April 2, 2001
Dr. James Merritt, President of the Southern Baptist Annual Meeting
Senior Pastor, Fellowship of Joy Southern Baptist Church
2400 East Main Street
Snellville, GA 30078
Dear Dr. Merritt,
You are my brother in Christ. I write this letter in the spirit of Jesus who said, "If your brother sin against you, go and tell him his fault between you and him alone: if he shall hear you, you have gained your brother, (Matt. 18:15)." I am writing, not to criticize or condemn, but to begin a dialogue with you that will lead to understanding and even reconciliation.
As President of the Southern Baptist Annual Meeting, you and your Executive Committee are in no small way responsible for the spiritual health of more than sixteen million Christians. Even the most conservative census data reveal that 500,000 to 1,000,000 of your sister and brother Southern Baptists are counted among God’s lesbian, gay, bisexual, or transgender children.
I don’t know how many of the tens of thousands of emails, phone calls, faxes, and letters that I receive each year come from closeted lesbian or gay Southern Baptists, clergy and laity alike. However, I can say that hundreds of thousands of sexual minorities serve your denomination faithfully as pastors and teachers, ministers of music, organists and pianists, choir members, deacons, foreign missionaries, seminary professors, and church administrators.
I’m writing on behalf of these hundreds of thousands of gay Southern Baptists who are haunted by their fears that God doesn’t love them and terrified by the prospects of eternal damnation. Their letters would break your heart. These are the people you serve, who look to you for prophetic and compassionate leadership. And yet for decades the Southern Baptist Annual Meeting has condemned them and ignored their cry for understanding without seriously re-examining the Biblical data, let alone considering the new scientific, psychological, medical, historical, and pastoral evidence about homosexuality and homosexuals.
I know that you are sincere when you say that homosexual acts are a "sin" that can be forgiven and/or a "sickness" that can be cured. I know you genuinely believe that those six biblical passages clearly condemn loving, committed same-sex relationships. I know you think sexual orientation can be changed. I know that you are convinced that Southern Baptist anti-homosexual teachings and actions do NOT lead to suffering and death for the very people you serve, but what if you are wrong?
What if more than one hundred thousand members of the American Psychological Association are right when they say, "Homosexuality is not an illness, mental disorder, or emotional problem." What if the American Counseling Association is right when it warns that "reparative therapy" risks leading to "depression, anxiety and self-destructive behaviors."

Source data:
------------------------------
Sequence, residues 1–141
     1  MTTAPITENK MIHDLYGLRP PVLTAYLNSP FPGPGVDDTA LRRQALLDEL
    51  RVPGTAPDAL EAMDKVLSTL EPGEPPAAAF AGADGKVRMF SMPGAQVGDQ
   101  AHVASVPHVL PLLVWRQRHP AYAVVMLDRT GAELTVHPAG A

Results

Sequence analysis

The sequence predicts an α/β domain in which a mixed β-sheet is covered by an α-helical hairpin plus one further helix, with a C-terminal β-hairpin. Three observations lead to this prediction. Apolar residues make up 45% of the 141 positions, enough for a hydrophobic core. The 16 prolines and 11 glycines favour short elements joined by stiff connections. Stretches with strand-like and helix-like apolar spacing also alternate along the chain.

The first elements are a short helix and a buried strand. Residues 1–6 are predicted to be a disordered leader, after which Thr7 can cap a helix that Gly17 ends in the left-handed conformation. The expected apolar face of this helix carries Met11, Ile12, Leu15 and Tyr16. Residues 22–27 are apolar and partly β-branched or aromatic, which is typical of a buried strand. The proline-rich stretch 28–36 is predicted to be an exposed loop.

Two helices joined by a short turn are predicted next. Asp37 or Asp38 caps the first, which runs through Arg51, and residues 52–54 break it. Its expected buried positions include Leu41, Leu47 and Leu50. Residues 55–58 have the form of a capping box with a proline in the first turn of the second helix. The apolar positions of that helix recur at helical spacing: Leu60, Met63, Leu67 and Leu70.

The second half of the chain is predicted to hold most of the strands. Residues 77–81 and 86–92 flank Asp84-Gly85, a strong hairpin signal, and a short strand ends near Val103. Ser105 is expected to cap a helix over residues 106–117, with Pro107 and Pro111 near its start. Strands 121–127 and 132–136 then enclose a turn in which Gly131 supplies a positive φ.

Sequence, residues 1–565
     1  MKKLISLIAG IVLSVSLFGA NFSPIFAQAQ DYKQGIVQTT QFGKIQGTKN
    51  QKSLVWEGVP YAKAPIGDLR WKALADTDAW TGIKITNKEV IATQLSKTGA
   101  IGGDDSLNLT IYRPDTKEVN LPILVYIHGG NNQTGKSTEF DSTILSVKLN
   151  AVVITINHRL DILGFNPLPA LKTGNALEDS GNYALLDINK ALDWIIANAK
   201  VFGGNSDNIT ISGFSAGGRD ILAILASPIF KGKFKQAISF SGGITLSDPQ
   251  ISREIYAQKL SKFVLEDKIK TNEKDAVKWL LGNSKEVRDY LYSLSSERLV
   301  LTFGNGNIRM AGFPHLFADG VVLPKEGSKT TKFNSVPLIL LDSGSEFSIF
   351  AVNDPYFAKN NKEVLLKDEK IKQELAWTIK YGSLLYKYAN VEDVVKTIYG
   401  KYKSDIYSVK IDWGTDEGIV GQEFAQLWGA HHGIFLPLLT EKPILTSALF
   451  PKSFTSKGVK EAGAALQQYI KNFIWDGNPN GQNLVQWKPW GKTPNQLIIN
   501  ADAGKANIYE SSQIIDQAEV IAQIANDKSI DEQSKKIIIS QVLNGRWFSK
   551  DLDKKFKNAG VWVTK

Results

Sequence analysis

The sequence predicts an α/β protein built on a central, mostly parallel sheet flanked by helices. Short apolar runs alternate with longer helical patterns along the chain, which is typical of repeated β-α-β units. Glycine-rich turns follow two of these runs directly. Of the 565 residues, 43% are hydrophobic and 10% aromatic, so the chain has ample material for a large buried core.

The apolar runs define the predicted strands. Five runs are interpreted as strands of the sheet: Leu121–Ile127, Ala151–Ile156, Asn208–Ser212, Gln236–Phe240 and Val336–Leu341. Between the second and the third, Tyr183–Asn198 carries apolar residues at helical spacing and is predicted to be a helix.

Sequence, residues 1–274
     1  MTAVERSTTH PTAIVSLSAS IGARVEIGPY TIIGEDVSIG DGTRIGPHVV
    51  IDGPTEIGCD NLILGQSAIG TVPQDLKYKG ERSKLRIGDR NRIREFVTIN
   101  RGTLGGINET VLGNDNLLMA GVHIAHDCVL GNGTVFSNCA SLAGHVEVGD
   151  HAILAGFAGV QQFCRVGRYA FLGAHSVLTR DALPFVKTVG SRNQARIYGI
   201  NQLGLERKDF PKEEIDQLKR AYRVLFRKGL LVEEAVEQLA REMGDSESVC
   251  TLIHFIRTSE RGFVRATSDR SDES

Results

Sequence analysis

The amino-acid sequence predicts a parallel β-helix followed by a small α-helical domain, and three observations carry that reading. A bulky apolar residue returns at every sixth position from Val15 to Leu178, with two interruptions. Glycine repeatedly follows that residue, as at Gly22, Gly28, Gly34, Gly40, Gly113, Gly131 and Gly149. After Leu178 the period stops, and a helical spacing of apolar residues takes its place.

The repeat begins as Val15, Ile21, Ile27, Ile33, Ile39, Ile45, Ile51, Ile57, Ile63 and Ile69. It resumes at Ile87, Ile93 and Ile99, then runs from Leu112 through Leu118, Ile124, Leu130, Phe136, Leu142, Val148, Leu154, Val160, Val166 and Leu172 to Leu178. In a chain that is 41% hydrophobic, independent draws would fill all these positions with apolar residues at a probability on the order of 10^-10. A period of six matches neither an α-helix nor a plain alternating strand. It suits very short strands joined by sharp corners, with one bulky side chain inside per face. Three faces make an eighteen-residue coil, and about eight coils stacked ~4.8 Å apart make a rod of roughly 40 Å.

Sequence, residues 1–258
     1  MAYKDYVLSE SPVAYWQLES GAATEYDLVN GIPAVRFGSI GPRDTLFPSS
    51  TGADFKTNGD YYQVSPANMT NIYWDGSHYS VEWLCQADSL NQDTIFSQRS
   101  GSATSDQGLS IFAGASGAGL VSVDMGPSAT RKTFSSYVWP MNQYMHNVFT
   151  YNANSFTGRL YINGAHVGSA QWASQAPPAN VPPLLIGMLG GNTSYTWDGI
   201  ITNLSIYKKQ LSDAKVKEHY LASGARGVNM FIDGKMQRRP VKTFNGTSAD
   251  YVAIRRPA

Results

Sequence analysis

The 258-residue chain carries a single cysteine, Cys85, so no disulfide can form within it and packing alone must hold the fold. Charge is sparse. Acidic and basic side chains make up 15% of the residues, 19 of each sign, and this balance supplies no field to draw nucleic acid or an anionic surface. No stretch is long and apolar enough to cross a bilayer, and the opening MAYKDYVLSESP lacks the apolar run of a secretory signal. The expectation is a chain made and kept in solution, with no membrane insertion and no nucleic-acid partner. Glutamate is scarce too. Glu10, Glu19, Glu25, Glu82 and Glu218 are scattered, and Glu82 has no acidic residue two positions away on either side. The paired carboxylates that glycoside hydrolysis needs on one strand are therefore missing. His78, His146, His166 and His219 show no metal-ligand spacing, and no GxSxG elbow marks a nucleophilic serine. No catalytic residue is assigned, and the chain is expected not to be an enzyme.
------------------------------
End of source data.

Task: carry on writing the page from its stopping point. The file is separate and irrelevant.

What if a thousand members of the American Association of Pastoral Counselors are right when they say "…Our experience leads us to conclude that an individual’s sexual orientation is present from very early childhood and could not be a matter of choice that represents either disease or sin. We believe that sexual orientation is another example of the multiple blessings of God’s creation."
What if Dr. Robert Garafolo of the Children’s Hospital in Cambridge, Massachusetts, is right when he explains why gay youth are seven times more likely to kill themselves than heterosexual youth: " "…there’s nothing intrinsically pathological about gay, lesbian, or bisexual youth," he says. "Nothing about homosexuality itself predisposes to suicide…. But when you consider the isolation, marginalization, hopelessness and depression gay students experience, it’s no surprise they report more suicide attempts. What’s absolutely critical," Garofalo concludes, "is to support these kids in an open and nonjudgmental manner."
The letters and emails I receive from closeted gay Southern Baptists make it clear. Their feelings of "isolation, marginalization, hopelessness and depression" flow directly out of the anti-homosexual teachings, attitudes, and actions of their Southern Baptist churches. And yet there isn’t one Baptist in the world who wants to contribute to the suffering and death of those they serve.